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What can I do if I’m falsely accused of hurting someone in China?





One of the most infamous scams in modern China is “the broken vase trick”. This involves the scammer either pretending to be involved in a collision with the victim’s vehicle, or feigning injury or illness until a passer-by comes to help – at which point the “injured” party grabs them and blames them for their injury. The police arrive, and – so the idea goes – the hapless stooge is forced to pay up compensation, either on the spot or later in court.

The trick takes its name from a possibly apocryphal scam in which unscrupulous antique sellers would supposedly rig up damaged vases to look whole, then wait for a customer to “break” one by picking it up. The store owner would demand that they pay for the item. However, the roots of the modern “injury” scam may lie in the 2006 ruling by a Nanjing judge that saw a man named Peng Yu successfully sued for 40,000 yuan (around $6,000) by an elderly stranger whom he had accompanied to the hospital after she accused him of fracturing her leg.

The broken vase trick really owes its infamy to the shocking nature of the concept – nobody likes to see such injustices occur to a good Samaritan – more than its actual prevalence. Realistically you are unlikely to encounter this in China; nevertheless, it has gained some hold on the public imagination, and it’s always good to be aware of the possibility of danger, however remote.

 

How to avoid the scam as a driver

Prevention is better than cure. Some car owners install a small camera behind their rearview mirror, connecting it to a data recorder. This gear then records what happens in front of the car – in the case of the broken vase trick, it will tell the police whether the person was actually struck by the vehicle, or whether they deliberately threw themselves in front of it, or even lay in the road waiting for someone to stop. 

Additionally, when driving you should make sure you abide by the Chinese traffic regulations outlined in the driving license test, and follow our guide to driving and cycling safely in China. Most of all, be hyper-vigilant and don’t push your luck.

If the light is about to turn red, rather than scrambling for the last gap, hold back – it’s entirely possible (even probably) that eager pedestrians will rush forward before the light changes. If there is no red-and-green light at the crossing, only a blinking yellow light, vehicles must lower their speed and see if a pedestrian is about to cross; if so, they must legally allow the pedestrians to cross. Follow such rules and you reduce the chance of being caught out by an opportunistic scammer.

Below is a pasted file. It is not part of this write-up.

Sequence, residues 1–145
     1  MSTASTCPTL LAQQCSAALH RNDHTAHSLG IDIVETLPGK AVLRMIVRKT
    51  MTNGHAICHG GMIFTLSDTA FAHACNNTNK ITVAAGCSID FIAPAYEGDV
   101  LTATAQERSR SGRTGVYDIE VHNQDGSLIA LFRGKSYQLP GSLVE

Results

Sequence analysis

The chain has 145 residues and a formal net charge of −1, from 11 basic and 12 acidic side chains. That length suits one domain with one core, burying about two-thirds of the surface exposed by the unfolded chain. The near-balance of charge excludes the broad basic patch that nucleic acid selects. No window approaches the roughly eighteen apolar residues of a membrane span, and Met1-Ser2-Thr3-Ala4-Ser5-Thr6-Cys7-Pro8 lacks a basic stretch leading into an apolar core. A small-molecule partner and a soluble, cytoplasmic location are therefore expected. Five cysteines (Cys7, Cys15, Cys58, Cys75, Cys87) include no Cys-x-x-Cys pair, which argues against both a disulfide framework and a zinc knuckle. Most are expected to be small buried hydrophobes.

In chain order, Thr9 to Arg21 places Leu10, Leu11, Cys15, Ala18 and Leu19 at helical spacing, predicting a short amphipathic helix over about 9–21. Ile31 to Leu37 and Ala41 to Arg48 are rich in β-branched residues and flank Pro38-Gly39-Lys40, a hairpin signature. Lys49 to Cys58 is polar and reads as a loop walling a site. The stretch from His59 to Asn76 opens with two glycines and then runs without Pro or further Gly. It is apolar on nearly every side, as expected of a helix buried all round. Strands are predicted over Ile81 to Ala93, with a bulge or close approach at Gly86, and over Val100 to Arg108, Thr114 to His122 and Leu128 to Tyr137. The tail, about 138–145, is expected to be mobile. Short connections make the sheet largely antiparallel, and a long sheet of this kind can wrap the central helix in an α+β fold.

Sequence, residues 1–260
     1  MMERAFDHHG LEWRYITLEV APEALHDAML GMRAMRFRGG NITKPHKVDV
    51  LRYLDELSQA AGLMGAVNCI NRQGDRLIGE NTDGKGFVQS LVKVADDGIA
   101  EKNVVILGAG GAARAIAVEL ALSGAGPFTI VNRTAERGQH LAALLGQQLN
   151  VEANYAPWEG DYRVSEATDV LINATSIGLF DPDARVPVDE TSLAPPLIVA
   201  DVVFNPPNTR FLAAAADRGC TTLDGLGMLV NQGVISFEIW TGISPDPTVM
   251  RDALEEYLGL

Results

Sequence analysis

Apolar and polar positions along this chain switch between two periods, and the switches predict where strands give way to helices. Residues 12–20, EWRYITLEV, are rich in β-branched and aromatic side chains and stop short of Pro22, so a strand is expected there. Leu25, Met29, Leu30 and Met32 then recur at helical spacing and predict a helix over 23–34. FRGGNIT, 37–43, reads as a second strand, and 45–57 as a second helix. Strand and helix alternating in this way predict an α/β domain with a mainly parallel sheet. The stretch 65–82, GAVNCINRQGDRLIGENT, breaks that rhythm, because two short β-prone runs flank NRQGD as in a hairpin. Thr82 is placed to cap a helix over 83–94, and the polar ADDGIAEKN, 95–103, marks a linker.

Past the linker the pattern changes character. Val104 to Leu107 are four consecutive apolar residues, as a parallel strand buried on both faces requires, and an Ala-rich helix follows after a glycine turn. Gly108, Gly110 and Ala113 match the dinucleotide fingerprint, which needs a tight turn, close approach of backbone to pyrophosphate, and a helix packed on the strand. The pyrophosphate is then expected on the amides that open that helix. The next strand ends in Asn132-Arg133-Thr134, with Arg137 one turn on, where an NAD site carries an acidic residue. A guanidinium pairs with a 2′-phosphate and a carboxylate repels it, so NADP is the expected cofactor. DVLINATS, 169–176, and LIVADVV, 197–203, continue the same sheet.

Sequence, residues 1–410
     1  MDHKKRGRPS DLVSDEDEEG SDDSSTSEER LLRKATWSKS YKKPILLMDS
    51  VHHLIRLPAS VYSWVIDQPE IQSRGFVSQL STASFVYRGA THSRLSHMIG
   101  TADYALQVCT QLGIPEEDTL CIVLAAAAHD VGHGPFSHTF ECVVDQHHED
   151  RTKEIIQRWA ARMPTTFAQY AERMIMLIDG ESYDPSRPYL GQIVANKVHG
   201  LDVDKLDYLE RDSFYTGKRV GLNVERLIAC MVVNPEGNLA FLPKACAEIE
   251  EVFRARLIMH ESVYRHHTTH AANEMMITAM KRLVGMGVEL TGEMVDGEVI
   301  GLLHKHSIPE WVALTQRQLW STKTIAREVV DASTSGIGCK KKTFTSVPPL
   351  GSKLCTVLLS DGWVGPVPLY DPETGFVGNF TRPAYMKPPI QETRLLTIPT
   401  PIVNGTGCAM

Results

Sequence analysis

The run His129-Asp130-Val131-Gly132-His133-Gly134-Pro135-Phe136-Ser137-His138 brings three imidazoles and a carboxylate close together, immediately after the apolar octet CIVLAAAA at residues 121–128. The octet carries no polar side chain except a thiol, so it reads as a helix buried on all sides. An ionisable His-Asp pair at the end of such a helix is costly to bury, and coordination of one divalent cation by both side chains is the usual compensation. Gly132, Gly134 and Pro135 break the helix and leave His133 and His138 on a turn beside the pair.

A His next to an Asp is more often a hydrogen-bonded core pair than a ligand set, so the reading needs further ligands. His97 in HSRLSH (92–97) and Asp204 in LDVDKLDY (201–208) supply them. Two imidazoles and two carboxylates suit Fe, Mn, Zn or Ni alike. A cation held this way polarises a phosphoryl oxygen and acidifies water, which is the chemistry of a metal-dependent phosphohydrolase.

How to avoid the scam as a pedestrian

The pedestrian version of the scam starts with the “injured” scammer lying down on a pavement or another public place – or even faking a fall – and calling for help. After someone goes to assist this person, the “injured” party grabs the would-be hero’s arm, refuses to let go, and demands compensation for being knocked down and injured. This has been linked to some instances of Chinese people not helping genuinely injured people, as seen in the story mentioned above.

If you come across a stranger who is in such a situation, although it may seem heartless to not immediately give assistance, you should be wary about helping them straight away. Look around to see if there are other people on the street and ask them to join in helping this person, so you can act as witnesses for each other if either of you is accused of causing the injury. Also, keep a look out for public security cameras that may be recording the scene, and point them out to the person.

Another option suggested be a lawyer named Liu Lin in a Chinese-language news story suggests making an audio or video recording of the scene, and asking the person in distress to say that you are not the one who caused the injury, although we at One-Stop have to admit that we don’t know how this would play out in court.